Data Items

Our connected car data catalogue grows with every new manufacturer. Explore the variety of data items available via our Auto API.

Our Data Categories

Connected Vehicle Data

Using telematics devices, cars can distribute data for many purposes for an end-user. Car data is created by electrical sensors linked to the ECU or Electronic Control Unit. An ECU is linked to an onboard telematics device which transmits live data. A user in a central location receives this data over the air, with an end interface that can be configured in a way that works for their business.Many attributes of a car can be transmitted live or at set intervals using GPS and mobile data networks.

Using car data, fleet management companies analyse their vehicles to help reduce costs, prevent maintenance issues and schedule service appointments in advance. Governments and councils can use car technical data to better manage traffic. Insurance companies can have real-world use cases for their customers and the introduction of smart cities with connected cars results in more efficient infrastructure. Most importantly, emergency services receive live vehicle data to accurately locate an accident, with automatic triggers to call ambulances if the vehicle senses it is in a severe accident.
Our connected car data catalogue grows with every new manufacturer. Explore the variety of data items available via our Auto API.
Our data catalog on Airtable contains technical information specific to each data category, including its properties and their production availability.

What is Fuel Level Data?

With the modern fuel crisis and prices rising, it is vital that fuel level data is accurate and provided in real-time. Modern vehicles have a fuel level sensor located within the fuel tank. 

This sensor is a lever that hooks up to a voltage measuring system. As the fuel level rises or falls, the lever moves up and down, altering the resistance in the circuit. This resistance can be converted as a signal to indicate to drivers how much fuel is left in the tank using fuel level data from the ECU.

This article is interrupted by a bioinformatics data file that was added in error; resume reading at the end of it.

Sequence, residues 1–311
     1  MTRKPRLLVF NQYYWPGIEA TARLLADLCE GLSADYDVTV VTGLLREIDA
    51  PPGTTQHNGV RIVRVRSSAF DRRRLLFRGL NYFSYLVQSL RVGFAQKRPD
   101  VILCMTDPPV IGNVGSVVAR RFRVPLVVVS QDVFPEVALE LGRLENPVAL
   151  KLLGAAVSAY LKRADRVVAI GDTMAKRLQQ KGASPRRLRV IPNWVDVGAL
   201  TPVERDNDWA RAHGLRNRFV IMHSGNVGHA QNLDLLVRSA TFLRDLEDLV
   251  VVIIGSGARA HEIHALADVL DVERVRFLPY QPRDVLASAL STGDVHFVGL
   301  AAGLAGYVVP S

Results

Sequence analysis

Data from fuel level sensors are used to work out the estimated range of a vehicle. If the fuel level is known, combining this with current and historic consumption data can give an estimated reading on a vehicle’s remaining range.

Use Cases

Fleet management can remotely access vehicle fuel level data. This in turn can assist drivers by offering advice on when they should next fill up. Finding cheaper fuel stations is important in today's high priced market. With fuel level data, fleet operators can work out where a driver will be when they are running low and can even pre-plan stops at the cheapest fuel stations.

Fuel level data can be used for cost calculations for running the vehicle. As the range of a fuel tank is important when planning journeys, refuelling and optimising a fleet operation. This data can detect any illegal siphoning from the vehicle too. Combining this with location data, it can calculate where the siphoning took place for evidence to local authorities.

Fuel quality can be compared across different fuel stations. If a poor quality fuel offers worse consumption, fuel level data can detect this.